【6/24 (五) 8pm What's the best way to know if you'll enjoy something?
【7/1 (五) 8pm Which shapes your values more, your nationality or your profession?
【8/5 (五) 8pm Let's Talk Colonization!
【8/19 (五) 8pm The Limits of Relationships
【8/26 (五) 8pm Male Friendships and the Culture of Toxic Masculinity

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Male Friendships and the Culture of Toxic Masculinity

Last week we got into a side discussion on the differences between male and female friendship. I looked into English media on the topic and quickly found a lot of complaints on what makes male-male frienship difficult. American culture is particularly hard on men IMO, but how about Taiwanese culture? How does male friendship work in Taiwan culture?

An American cultural contempt for male friendship
The contempt for male friendship is a cultural failure on an epic scale. That contempt is everywhere. The friendships between women in popular culture are the source and choicest fruit of their maturity. At the end of Frances Ha, Frances glimpses her old friend across a crowded room. "Who are you making eyes at?" somebody asks. "That's Sophie. She's my best friend." …
For men, it's just the opposite. Male friendship on any given sitcom, is a retreat into thoughtlessness, crudity. The Big Lebowski hilariously painted male friendship as an extended and colossal fuckup. The Hangover movies turned it into a series of epic degradations. But … the greatest buddy movie of them all is Dumb and Dumber. Men get together onscreen to be idiots with one another.
To mature as a female person is to mature into female friendships. To mature as a male person is to mature out of male friendships.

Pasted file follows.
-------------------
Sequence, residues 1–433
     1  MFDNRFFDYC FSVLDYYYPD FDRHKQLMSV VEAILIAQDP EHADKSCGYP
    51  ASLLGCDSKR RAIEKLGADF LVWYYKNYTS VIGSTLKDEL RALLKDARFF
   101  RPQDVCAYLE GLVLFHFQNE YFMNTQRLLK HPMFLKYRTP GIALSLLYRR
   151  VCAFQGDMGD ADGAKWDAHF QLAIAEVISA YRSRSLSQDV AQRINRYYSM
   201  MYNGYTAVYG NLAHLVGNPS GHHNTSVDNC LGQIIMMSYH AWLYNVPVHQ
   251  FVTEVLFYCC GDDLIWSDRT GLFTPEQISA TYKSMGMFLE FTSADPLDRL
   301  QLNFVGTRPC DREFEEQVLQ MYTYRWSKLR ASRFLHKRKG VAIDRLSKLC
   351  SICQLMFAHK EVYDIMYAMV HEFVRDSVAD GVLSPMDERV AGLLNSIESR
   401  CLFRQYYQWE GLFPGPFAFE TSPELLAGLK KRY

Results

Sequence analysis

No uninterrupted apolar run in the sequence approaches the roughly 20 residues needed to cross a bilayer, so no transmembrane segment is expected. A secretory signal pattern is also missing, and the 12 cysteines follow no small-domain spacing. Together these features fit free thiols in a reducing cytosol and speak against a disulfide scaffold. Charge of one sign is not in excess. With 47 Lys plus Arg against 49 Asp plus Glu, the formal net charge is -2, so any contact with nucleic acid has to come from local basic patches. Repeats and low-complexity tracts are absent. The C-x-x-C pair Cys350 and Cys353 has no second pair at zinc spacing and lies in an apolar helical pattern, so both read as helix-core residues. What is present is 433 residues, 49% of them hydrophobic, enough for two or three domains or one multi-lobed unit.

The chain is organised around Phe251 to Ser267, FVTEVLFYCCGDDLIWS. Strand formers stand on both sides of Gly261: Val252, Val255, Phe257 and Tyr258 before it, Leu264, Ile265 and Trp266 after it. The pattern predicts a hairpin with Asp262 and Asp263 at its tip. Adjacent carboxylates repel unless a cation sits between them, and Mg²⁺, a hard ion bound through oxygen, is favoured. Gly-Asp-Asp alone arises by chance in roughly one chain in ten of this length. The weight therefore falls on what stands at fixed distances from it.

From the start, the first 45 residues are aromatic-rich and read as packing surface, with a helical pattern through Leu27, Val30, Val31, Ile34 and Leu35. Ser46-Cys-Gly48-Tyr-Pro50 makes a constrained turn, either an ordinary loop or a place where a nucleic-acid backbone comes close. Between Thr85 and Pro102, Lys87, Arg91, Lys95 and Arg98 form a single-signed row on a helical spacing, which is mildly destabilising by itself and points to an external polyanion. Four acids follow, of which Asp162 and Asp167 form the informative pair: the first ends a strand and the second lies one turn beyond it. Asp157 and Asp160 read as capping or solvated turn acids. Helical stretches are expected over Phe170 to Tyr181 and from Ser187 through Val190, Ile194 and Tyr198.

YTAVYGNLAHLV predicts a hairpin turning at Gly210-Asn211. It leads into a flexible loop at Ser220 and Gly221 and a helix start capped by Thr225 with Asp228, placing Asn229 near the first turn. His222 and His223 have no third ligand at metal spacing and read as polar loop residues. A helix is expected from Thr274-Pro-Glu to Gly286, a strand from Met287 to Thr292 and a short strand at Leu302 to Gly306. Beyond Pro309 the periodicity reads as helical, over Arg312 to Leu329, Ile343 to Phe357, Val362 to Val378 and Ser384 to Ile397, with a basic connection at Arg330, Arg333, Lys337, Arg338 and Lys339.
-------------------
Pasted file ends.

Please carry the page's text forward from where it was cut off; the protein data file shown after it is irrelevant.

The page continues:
The Limits of Relationships

Limits are boundaries. A boundary is a marker between two different states of being.
Tonight we're going to explore the boundaries of relationships.

There's one kind of boundary, between the the classifications of the kind of relationship a person has with us, for example, what's the difference between a lover, a girlfriend/boyfriend, or a wife/husband? That one's easier to answer than asking what's the difference between a casual friend, a good friend, and a best friend, right? That one's a lot harder to define, but why?

There's another kind of boundary, which has something to do with how you like to live your life, and the ways in which you feel comfortable doing things and being with people. On a broader level these boundaries could be created by morals or ideals, culture or social convention, but on a personal level they could also be created by beliefs or feelings, or even learned behaviours.

Sometimes a boundary is invisible to our own selves until someone crosses it; suddenly you know it's there, and it's real! Also when someone does push that boundary, your perception of them changes, and maybe your perception of yourself changes, too.

What makes you see a person differently...

...in a good way. Do you have any stories about a person showing something to you about themselves and afterwards you like them a whole lot more?

...in a bad way. Do you have any stories about a person who crossed a line with you and you couldn't think of them the same way after that?

Let’s Talk Colonization

It could be argued that Taiwan's culture today is a product of many years of colonization. This book “How Taiwan Became Chinese” discusses how Taiwan’s initial colonization was by the Dutch, using Chinese settlers. This book’s introduction also argues that while the European powers were colonizers, China was not. However for much of its thousands of years of empire, China used what in English is called a vassal-state system.